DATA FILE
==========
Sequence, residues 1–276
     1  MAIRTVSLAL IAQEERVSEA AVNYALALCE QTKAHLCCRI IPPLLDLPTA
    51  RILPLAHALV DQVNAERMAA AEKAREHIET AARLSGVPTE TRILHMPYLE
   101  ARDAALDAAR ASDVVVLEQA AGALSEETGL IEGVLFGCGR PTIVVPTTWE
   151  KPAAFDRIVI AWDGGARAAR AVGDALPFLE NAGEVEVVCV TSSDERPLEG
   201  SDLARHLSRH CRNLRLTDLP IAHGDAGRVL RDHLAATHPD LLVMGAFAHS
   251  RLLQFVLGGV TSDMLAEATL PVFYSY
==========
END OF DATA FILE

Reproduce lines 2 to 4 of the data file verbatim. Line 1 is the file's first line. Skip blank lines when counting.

     1  MAIRTVSLAL IAQEERVSEA AVNYALALCE QTKAHLCCRI IPPLLDLPTA
    51  RILPLAHALV DQVNAERMAA AEKAREHIET AARLSGVPTE TRILHMPYLE
   101  ARDAALDAAR ASDVVVLEQA AGALSEETGL IEGVLFGCGR PTIVVPTTWE